ISSN (Print) - 0012-9976 | ISSN (Online) - 2349-8846

Suniti Kumar GhoshSubscribe to Suniti Kumar Ghosh

Indian Bourgeoisie and Imperialism

Suniti Kumar Ghosh Is it correct to assert that the Indian big bourgeoisie, like the big landlords, was a prop of colonial rule? The contrary view is held rather as an axiomatic truth by historians and political scientists. This question is of major importance, for it is closely related to the questions about the class character of the Congress, the character of the movements waged by its leadership and the nature of the state or states that emerged in the Indian sub-continent in August, 1947.

A Case Concerning the People-A Comment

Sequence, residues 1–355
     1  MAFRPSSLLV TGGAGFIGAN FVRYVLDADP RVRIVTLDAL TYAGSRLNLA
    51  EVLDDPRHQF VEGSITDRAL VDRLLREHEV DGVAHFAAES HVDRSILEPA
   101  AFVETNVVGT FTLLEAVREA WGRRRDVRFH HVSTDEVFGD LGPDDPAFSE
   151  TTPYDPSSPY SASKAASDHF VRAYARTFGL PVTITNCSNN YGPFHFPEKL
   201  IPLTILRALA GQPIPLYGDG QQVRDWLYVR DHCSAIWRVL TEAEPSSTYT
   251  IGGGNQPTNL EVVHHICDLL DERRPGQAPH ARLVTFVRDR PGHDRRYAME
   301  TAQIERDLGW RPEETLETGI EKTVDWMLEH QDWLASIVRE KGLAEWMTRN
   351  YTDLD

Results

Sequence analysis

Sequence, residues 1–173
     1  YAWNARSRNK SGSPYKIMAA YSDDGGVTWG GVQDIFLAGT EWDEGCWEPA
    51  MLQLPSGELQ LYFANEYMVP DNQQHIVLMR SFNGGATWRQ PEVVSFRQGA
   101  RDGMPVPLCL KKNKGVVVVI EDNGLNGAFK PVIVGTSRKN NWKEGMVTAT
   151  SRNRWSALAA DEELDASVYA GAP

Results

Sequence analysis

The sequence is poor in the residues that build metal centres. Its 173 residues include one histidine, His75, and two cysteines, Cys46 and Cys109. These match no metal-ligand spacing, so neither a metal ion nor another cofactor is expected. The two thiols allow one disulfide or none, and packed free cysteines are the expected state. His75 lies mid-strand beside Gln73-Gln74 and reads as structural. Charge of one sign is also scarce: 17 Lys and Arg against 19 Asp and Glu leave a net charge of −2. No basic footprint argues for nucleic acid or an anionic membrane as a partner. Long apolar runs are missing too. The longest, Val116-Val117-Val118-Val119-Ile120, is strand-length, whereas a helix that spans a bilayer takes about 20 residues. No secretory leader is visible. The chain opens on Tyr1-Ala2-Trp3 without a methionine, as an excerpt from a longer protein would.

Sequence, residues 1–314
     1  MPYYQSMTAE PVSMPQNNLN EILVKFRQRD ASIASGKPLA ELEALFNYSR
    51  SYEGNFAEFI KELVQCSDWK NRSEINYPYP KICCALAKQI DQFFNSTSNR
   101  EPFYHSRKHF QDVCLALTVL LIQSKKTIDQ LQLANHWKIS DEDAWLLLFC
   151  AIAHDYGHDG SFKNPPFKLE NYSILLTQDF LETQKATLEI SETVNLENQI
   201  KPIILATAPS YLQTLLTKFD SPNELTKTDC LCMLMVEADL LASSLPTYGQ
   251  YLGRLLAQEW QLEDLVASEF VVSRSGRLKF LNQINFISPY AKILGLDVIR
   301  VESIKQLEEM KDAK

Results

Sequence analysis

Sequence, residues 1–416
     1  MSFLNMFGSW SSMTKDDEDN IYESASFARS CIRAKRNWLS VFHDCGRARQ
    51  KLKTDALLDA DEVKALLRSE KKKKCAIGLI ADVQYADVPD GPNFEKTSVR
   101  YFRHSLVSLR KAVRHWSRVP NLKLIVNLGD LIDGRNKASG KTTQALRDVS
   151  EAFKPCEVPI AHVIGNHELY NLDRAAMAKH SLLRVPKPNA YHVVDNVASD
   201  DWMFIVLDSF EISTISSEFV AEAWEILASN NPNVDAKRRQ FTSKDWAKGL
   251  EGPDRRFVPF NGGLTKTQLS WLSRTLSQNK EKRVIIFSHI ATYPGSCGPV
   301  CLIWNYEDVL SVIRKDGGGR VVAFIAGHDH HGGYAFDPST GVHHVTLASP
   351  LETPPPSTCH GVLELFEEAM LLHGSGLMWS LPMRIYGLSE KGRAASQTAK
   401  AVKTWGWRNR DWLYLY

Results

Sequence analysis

petition is created between capitalist methods and our methods.3 And again: The mixed companies that we have begun to form, in which private capitalists, Russian and foreign, and Communists participate, provide one of the means by which we can learn to organise competition properly and show that we are no less able to establish a link with the peasant economy than the capitalists; that we can meet its requirements; that we can help the peasant make progress even at his present level, in spite of his backwardness; for it is impossible to change him in a brief span of time.4 The dangers inherent in the policy were clearly (and publicly) spelt out, and the retreat recognised as such: Never before in history has there been a situation in which the proletariat, the revolutionary vanguard, possessed sufficient political power and had state capitalism existing alongside it. The whole questions turn on our understanding that this is the capitalism that we can and must permit, that we can and must confine within certain bounds; for this capitalism is essential for the broad masses of the peasantry and for private capital, which must trade in such a way as to satisfy the needs of the peasantry. We must organise things in such a way as to make possible that customary operation of capitalist economy and capitalist exchange, because this is essential for the people.5 The enemy is speaking the class truth and is pointing to the danger that confronts us, and which the enemy is striving to make inevitable, Smena Vekh adherents express the sentiments of thousands and tens of thousands of bourgeois, or of Soviet employees whose function it is to operate our New Economic Policy. This is the real and main danger. And that is why attention must be concentrated mainly on the question; "Who will win?" I have spoken about competition. No direct onslaught is being made on us now; nobody is clutching us by the throat. True, we have yet to see what will happen tomorrow; but today we are not being subjected to armed attack. Nevertheless, the fight against capitalist society has become a hundred times more fierce and perilous, because we are not always able to tell enemies from friends.6 In China, officially at least, we see no signs of such awareness, nor willingness to concede that the new policies are retreats. This spells danger, and indicates that right revisionists are exerting considerable influence in the leadership.
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